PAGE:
I’ll keep this review brief, because if you love Star Wars and LEGO, you’re probably already playing LEGO Star Wars: The Force Awakens. However, if you still need a little more convincing, read on!
LEGO Star Wars: The Force Awakens (henceforth LEGO TFA) is unique among LEGO games in that it’s the first one to adapt a single film – previous LEGO games have covered three or more movies in a franchise. You might think that would mean that this game is lacking content, but you would be wrong. The game breaks The Force Awakens down into level-sized chunks, complete with the LEGO humour you’ve come to expect, and adds in a few extra levels for you to unlock, covering events outside the film, such as Han and Chewie hunting rathtars, or Poe rescuing Admiral Ackbar. LEGO TFA also features the voices of the actors from the film, even for new dialogue that’s not in the movie. I was first worried that the game would be light on content as previous LEGO games zoom through the stories, fast forwarding to important moments or large battles but this new approach really allowed the game a lot of time to follow its fun formula of faithfully recreating key scenes and shots in LEGO, then throwing wacky humour into the mix.
In terms of gameplay, the most significant new additions are probably the multi-build system and cover. Multi-builds are exactly what the name suggests: pieces of LEGO that can be built into several different things. Many builds across the game can be built, broken apart, and then built into something completely different. In some cases each of these builds is necessary for you to solve a puzzle, while in other instances, an alternate build may reveal a collectible or simply provide a different way of getting to the next area. In most cases you can even see how the same LEGO bricks are used to build the various objects, rather than objects just being magically created. It is a small touch but it just fits in so well with the idea of playing around with LEGO bricks. Cover is used in certain battle sequences to give some variety to fights. During these sequences, you’re prevented from running ahead and killing everyone in melee. You’re forced to take aim and take down targets one at a time, ducking back behind cover to avoid blaster fire. It’s not particularly difficult once you get the hang of it, but it does add a little something different to the mix and it fits well with the blaster battles that happen in the movie. It also gives a much better sense of scale to fights. A dozen enemies trying to blast you with large cannons and the like feels a lot more impressive when you can’t just walk over and pummel everything. Cause let’s face it, almost no enemies stand a chance if you get in melee range.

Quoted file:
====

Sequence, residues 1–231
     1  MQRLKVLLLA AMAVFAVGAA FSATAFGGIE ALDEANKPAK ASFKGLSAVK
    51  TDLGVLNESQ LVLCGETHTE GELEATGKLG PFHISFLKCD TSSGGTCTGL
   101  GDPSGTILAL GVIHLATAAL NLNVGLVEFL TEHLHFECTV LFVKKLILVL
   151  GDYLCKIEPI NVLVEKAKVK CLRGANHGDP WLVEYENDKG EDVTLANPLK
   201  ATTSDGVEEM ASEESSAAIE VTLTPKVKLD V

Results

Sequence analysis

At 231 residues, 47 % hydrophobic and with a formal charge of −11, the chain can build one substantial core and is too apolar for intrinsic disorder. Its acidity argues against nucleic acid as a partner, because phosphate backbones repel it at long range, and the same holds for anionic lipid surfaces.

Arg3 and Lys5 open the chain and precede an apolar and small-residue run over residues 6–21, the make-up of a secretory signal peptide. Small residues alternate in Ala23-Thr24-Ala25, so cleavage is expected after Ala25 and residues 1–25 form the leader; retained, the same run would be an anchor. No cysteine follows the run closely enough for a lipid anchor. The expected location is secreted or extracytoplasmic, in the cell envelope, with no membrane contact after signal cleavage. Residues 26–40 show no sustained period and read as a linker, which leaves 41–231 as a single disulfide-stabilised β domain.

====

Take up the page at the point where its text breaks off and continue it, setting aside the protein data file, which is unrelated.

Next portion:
In addition to the story levels, there are numerous planets for you to visit, each based on a location from the film. These are mini-hubs, much like the ones in LEGO Marvel’s Avengers, though ‘mini’ is perhaps the wrong word. Each planet has dozens of missions, races, puzzles and collectibles and being able to hop into microfighter versions of all the vehicles you unlock will help you get around the hubs as there is a fair amount of travelling involved. Getting to 100% is sure to keep you busy for quite a while. I think my favourite collectible (apart from the Funk Awakens red brick) in the game are the Hans-in-carbonite, which let you unlock characters from the other LEGO Star Wars games, from Luke Skywalker to Queen Amidala. In addition to these, there is a huge number of characters to unlock, including a variety of different droids, stormtroopers, aliens as well as the main characters. At just over 200 characters, there is a good chance you will be stretching your knowledge of small characters in the movie.
Just about every character in the game has slightly different abilities, whether it’s agility, force powers, certain types of weapons, or access to grappling hooks or certain consoles. This helps distinguish each character from the pack. BB-8 is by far the most fun character to play. He may not have much in the way of weapons, but he can roll around at high speed and knock other characters over. If it weren’t for the fact that he can’t build, I might have played the entire game using him. I feel there’s a case for the game to be renamed ‘LEGO BB-8 and his many bipedal slaves’.
Oh and in case a score out of ten is just too complicated right now, here is another metric that makes sense: